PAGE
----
Mycorrhiza

, Volume 27, Issue 3, pp 225–232 | Cite as

Are there keystone mycorrhizal fungi associated to tropical epiphytic orchids?

  • Stefania Cevallos
  • Aminael Sánchez-Rodríguez
  • Cony Decock
  • Stéphane Declerck
  • Juan Pablo Suárez
Original Article

Abstract

In epiphytic orchids, distinctive groups of fungi are involved in the symbiotic association. However, little is known about the factors that determine the mycorrhizal community structure. Here, we analyzed the orchid mycorrhizal fungi communities associated with three sympatric Cymbidieae epiphytic tropical orchids (Cyrtochilum flexuosum, Cyrtochilum myanthum, and Maxillaria calantha) at two sites located within the mountain rainforest of southern Ecuador. To characterize these communities at each orchid population, the ITS2 region was analyzed by Illumina MiSeq technology. Fifty-five mycorrhizal fungi operational taxonomic units (OTUs) putatively attributed to members of Serendipitaceae, Ceratobasidiaceae and Tulasnellaceae were identified. Significant differences in mycorrhizal communities were detected between the three sympatric orchid species as well as among sites/populations. Interestingly, some mycorrhizal OTUs overlapped among orchid populations. Our results suggested that populations of studied epiphytic orchids have site-adjusted mycorrhizal communities structured around keystone fungal species. Interaction with multiple mycorrhizal fungi could favor orchid site occurrence and co-existence among several orchid species.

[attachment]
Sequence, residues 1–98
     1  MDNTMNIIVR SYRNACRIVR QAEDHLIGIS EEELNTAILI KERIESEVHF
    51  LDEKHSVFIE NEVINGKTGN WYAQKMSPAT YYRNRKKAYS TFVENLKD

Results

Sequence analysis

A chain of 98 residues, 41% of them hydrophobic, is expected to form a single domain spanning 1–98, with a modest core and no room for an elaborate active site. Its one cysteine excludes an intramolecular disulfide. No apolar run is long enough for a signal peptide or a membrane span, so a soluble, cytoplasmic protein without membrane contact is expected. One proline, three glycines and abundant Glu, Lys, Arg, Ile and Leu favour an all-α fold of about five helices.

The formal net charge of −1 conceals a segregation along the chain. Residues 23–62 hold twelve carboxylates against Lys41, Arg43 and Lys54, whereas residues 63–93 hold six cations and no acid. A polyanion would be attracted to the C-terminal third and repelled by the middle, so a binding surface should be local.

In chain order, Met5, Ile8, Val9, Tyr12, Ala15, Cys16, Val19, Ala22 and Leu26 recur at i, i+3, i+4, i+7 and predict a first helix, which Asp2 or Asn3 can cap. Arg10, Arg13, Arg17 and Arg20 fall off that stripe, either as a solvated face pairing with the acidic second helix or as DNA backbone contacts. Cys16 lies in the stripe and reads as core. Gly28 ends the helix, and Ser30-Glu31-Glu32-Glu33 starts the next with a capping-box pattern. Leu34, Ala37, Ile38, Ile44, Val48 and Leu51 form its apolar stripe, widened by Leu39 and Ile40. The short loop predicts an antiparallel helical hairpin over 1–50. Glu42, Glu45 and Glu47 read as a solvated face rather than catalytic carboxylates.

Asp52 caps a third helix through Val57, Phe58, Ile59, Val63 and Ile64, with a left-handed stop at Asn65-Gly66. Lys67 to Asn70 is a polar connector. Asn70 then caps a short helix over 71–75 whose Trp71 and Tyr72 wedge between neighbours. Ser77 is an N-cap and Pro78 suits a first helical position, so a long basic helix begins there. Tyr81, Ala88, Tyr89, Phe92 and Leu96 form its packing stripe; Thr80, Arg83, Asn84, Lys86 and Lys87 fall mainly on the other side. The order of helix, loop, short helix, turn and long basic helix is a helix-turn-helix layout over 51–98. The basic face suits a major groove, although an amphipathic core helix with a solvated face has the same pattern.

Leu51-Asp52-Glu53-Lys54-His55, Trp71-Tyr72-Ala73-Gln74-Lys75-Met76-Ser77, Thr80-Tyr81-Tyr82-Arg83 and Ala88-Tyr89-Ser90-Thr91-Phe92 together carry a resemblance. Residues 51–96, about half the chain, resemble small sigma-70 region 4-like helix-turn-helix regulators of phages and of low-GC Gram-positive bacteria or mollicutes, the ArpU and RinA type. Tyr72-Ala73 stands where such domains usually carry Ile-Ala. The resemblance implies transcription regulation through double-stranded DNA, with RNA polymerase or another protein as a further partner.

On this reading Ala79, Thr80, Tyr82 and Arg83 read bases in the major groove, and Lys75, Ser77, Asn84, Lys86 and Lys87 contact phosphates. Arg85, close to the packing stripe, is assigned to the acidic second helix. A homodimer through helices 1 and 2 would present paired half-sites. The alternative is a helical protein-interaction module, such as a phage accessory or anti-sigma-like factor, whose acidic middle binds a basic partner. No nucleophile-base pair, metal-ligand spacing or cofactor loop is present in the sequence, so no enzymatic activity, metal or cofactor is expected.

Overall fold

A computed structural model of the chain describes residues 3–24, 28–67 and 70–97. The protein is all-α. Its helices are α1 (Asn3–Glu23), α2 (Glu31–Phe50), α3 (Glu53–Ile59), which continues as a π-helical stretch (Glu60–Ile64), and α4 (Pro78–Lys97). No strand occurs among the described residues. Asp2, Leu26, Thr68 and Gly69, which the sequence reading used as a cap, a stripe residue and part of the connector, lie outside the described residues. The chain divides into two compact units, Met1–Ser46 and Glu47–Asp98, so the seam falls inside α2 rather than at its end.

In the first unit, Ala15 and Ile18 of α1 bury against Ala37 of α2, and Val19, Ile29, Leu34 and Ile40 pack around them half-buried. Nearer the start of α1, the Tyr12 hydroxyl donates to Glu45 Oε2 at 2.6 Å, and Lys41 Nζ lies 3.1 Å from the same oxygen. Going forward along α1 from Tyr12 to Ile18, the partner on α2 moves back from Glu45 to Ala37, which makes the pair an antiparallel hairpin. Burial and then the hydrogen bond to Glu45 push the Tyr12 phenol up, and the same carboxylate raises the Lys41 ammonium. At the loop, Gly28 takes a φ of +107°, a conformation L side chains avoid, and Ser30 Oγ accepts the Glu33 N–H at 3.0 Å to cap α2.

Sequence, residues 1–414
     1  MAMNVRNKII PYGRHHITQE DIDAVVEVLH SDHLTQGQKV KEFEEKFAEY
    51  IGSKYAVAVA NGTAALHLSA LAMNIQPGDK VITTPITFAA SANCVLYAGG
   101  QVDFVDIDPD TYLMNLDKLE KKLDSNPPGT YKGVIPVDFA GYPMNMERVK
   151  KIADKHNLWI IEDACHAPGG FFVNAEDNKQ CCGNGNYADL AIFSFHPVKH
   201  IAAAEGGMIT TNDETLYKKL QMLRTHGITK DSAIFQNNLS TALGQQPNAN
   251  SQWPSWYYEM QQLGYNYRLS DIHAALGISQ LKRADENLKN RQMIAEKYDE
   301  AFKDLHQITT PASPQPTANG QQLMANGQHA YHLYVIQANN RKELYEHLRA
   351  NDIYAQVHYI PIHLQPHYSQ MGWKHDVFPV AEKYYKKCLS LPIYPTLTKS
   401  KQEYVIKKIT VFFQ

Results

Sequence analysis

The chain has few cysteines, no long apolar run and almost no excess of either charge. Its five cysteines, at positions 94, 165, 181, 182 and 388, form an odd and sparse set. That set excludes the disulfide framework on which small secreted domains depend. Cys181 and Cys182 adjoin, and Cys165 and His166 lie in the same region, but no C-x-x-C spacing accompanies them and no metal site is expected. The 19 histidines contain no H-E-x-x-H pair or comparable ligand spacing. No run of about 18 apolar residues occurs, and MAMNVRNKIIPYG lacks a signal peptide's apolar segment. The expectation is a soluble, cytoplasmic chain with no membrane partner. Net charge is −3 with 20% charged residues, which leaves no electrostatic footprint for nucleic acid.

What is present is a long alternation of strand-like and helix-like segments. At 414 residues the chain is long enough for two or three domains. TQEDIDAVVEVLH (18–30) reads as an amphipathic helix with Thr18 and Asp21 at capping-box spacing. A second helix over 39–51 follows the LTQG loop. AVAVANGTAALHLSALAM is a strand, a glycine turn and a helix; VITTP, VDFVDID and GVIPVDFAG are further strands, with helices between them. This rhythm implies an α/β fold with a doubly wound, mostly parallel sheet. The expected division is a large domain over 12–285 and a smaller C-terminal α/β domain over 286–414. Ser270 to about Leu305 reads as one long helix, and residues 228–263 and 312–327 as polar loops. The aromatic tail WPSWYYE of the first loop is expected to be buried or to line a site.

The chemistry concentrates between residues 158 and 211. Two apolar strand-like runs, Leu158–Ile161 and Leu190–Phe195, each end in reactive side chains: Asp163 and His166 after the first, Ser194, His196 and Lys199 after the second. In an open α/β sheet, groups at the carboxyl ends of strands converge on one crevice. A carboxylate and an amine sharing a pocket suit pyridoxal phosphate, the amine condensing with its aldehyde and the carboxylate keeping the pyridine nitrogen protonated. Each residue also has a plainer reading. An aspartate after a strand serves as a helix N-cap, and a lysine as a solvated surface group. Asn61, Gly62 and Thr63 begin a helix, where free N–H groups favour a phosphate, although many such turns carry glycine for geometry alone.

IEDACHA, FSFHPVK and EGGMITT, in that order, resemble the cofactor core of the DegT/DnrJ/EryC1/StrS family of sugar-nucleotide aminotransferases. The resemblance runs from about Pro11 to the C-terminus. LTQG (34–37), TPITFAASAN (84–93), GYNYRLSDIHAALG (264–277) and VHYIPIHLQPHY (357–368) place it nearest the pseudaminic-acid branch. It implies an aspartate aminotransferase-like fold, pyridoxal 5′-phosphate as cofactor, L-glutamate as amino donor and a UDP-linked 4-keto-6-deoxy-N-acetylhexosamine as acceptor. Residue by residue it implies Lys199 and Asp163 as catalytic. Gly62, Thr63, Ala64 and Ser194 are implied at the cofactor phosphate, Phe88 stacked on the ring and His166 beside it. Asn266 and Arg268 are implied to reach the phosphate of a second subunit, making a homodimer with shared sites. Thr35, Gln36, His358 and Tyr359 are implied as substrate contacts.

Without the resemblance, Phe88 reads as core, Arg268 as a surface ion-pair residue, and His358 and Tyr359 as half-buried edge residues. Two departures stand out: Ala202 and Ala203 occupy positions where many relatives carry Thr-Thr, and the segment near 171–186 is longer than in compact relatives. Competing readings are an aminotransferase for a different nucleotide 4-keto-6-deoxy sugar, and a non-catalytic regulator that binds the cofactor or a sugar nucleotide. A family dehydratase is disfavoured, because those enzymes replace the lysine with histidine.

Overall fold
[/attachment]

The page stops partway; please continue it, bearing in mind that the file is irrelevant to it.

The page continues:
Keywords

Epiphytic tropical orchids Co-existing species Illumina sequencing ITS2 Microbial community assembly OTU reconstruction 

Supplementary material

572_2016_746_MOESM1_ESM.docx (117 kb)
ESM 1(DOCX 116 kb)

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Copyright information

© Springer-Verlag Berlin Heidelberg 2016

Authors and Affiliations

  1. 1.Earth and Life Institute, Applied Microbiology, MycologyUniversité catholique de LouvainLouvain-la-NeuveBelgium
  2. 2.Departamento de Ciencias BiológicasUniversidad Técnica Particular de LojaLojaEcuador
  3. 3.Earth and Life Institute, Applied Microbiology, MycologyUniversité catholique de Louvain, Mycothèque de l’Université catholique de Louvain (MUCL1)Louvain-la-NeuveBelgium

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